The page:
a. : power output (as of an engine, motor, power plant, or source of electric current) or power consumed (as by a device or circuit)

b. : a device or group of devices to which power is delivered

9. : something (as a railway freight car) that contains a load

a train of thirty empties and ten loads — Elton Brown

: one that is loaded



(1) : the amount of work that a person carries or is expected to carry

workers … willing to adapt to work loads set by time study methods — J.A.Morris b. 1918

counseling duties in addition to normal teaching loads — Bates Boyle

patient load of physicians in private practice

the case load of social workers

a regular student with an academic load of 12 semester hours

(2) : the amount of authorized work to be performed by a machine, a group, a department, or a factory

b. : the demand upon the operating resources of a system (as a telephone exchange, postal system, or railroad)

the load in a refrigeration system is the name applied to the quantity of heat that must be removed per unit of time — B.H.Jennings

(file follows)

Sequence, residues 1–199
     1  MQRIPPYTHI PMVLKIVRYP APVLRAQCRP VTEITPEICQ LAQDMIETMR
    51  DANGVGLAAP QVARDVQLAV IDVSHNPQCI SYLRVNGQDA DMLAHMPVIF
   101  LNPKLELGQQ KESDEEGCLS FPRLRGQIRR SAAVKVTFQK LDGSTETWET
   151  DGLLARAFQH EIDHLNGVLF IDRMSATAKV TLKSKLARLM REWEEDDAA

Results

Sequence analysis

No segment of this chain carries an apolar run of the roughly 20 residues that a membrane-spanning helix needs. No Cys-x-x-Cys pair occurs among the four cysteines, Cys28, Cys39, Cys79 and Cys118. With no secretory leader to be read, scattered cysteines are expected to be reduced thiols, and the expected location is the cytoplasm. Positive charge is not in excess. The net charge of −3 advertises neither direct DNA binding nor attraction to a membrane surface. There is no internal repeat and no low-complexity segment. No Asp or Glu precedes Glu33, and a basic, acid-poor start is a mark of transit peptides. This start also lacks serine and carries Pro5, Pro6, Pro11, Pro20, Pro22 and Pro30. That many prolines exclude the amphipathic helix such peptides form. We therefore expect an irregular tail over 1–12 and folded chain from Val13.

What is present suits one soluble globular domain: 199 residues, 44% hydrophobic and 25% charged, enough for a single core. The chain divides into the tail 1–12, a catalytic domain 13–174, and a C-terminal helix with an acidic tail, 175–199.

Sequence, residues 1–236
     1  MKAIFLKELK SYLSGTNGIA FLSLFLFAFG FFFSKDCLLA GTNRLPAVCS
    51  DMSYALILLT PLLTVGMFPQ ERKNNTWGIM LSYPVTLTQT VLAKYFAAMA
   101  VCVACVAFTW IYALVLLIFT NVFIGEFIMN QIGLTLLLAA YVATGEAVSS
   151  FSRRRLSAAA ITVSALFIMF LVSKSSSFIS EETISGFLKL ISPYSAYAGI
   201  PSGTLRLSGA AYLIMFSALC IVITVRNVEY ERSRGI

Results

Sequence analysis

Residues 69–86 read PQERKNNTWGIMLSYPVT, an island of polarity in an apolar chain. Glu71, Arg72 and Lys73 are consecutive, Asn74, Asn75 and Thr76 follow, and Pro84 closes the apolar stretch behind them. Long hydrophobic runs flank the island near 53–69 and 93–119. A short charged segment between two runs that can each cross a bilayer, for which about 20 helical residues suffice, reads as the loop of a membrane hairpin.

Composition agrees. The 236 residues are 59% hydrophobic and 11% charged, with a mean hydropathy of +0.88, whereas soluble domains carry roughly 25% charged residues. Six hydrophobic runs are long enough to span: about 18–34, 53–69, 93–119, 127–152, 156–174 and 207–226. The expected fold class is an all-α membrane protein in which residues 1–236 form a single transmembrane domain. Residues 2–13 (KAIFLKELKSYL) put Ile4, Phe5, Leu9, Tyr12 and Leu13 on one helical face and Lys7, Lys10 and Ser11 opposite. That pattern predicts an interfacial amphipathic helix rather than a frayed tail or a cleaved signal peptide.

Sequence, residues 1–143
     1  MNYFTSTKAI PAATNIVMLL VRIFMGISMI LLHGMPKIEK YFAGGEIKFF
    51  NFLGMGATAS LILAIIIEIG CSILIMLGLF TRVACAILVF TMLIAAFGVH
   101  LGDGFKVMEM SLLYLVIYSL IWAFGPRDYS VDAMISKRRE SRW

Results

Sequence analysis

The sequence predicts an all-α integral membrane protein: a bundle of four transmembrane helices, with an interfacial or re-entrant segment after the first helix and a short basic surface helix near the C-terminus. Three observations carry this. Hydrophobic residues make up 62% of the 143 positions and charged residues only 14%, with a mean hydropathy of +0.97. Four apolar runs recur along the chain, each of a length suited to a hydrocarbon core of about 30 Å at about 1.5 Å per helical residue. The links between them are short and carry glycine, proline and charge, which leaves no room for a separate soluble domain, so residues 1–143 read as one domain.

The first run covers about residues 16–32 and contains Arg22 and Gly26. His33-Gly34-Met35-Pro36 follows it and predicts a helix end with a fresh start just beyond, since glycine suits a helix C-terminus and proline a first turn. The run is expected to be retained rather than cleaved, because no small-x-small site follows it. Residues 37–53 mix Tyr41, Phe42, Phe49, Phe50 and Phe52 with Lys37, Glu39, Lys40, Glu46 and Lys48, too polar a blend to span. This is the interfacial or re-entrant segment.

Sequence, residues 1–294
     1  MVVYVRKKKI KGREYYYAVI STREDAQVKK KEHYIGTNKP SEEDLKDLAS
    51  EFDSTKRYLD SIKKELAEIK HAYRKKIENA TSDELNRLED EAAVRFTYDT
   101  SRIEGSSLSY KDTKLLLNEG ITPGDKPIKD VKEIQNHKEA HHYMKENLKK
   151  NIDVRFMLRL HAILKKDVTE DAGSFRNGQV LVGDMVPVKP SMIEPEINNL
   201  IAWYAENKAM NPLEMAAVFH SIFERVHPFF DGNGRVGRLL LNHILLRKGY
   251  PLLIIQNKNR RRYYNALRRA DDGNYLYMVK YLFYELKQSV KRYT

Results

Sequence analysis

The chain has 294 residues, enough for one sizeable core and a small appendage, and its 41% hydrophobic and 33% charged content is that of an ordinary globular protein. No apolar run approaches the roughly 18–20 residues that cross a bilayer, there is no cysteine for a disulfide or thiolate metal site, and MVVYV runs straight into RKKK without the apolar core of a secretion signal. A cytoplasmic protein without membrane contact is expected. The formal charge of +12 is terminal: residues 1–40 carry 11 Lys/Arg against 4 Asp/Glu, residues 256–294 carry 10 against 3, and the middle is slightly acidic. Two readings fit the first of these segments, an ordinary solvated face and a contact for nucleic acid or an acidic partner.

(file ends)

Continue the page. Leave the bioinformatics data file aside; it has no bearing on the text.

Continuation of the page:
: the number or quantity (as of persons, vehicles) accommodated (as by an institution, transportation system) at one time

the population load on the land — Russell Lord

care for the potential load of senile mental cases — Psychological Abstracts

traffic reaching its peak load during rush hours

11. slang : a full view : eyeful ; also : earful — used in the phrase get a load of

get a load of this new convertible — Bennett Cerf

12. : burden 10

the worm load in rats

13. : an amount added to the selling price of an article, service, or security to represent selling or delivery expense and profit of the distributor — called also loading

II. verb

( -ed/-ing/-s )

Etymology: Middle English loden, from lod, lood, n.

transitive verb